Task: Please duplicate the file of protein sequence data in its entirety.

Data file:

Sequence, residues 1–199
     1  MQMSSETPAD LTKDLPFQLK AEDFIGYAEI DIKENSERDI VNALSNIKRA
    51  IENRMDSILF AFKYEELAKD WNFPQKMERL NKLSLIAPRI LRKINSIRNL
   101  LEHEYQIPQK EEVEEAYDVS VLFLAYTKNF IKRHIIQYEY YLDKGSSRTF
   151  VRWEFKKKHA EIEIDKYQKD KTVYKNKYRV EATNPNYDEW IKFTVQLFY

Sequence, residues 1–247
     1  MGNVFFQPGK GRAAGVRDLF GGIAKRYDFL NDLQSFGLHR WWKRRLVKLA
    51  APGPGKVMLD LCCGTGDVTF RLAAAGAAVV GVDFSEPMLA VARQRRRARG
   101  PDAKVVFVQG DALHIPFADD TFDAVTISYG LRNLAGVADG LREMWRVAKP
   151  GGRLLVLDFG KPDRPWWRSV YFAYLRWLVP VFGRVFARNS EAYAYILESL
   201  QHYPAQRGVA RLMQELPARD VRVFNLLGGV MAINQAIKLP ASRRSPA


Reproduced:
Sequence, residues 1–199
     1  MQMSSETPAD LTKDLPFQLK AEDFIGYAEI DIKENSERDI VNALSNIKRA
    51  IENRMDSILF AFKYEELAKD WNFPQKMERL NKLSLIAPRI LRKINSIRNL
   101  LEHEYQIPQK EEVEEAYDVS VLFLAYTKNF IKRHIIQYEY YLDKGSSRTF
   151  VRWEFKKKHA EIEIDKYQKD KTVYKNKYRV EATNPNYDEW IKFTVQLFY

Sequence, residues 1–247
     1  MGNVFFQPGK GRAAGVRDLF GGIAKRYDFL NDLQSFGLHR WWKRRLVKLA
    51  APGPGKVMLD LCCGTGDVTF RLAAAGAAVV GVDFSEPMLA VARQRRRARG
   101  PDAKVVFVQG DALHIPFADD TFDAVTISYG LRNLAGVADG LREMWRVAKP
   151  GGRLLVLDFG KPDRPWWRSV YFAYLRWLVP VFGRVFARNS EAYAYILESL
   201  QHYPAQRGVA RLMQELPARD VRVFNLLGGV MAINQAIKLP ASRRSPA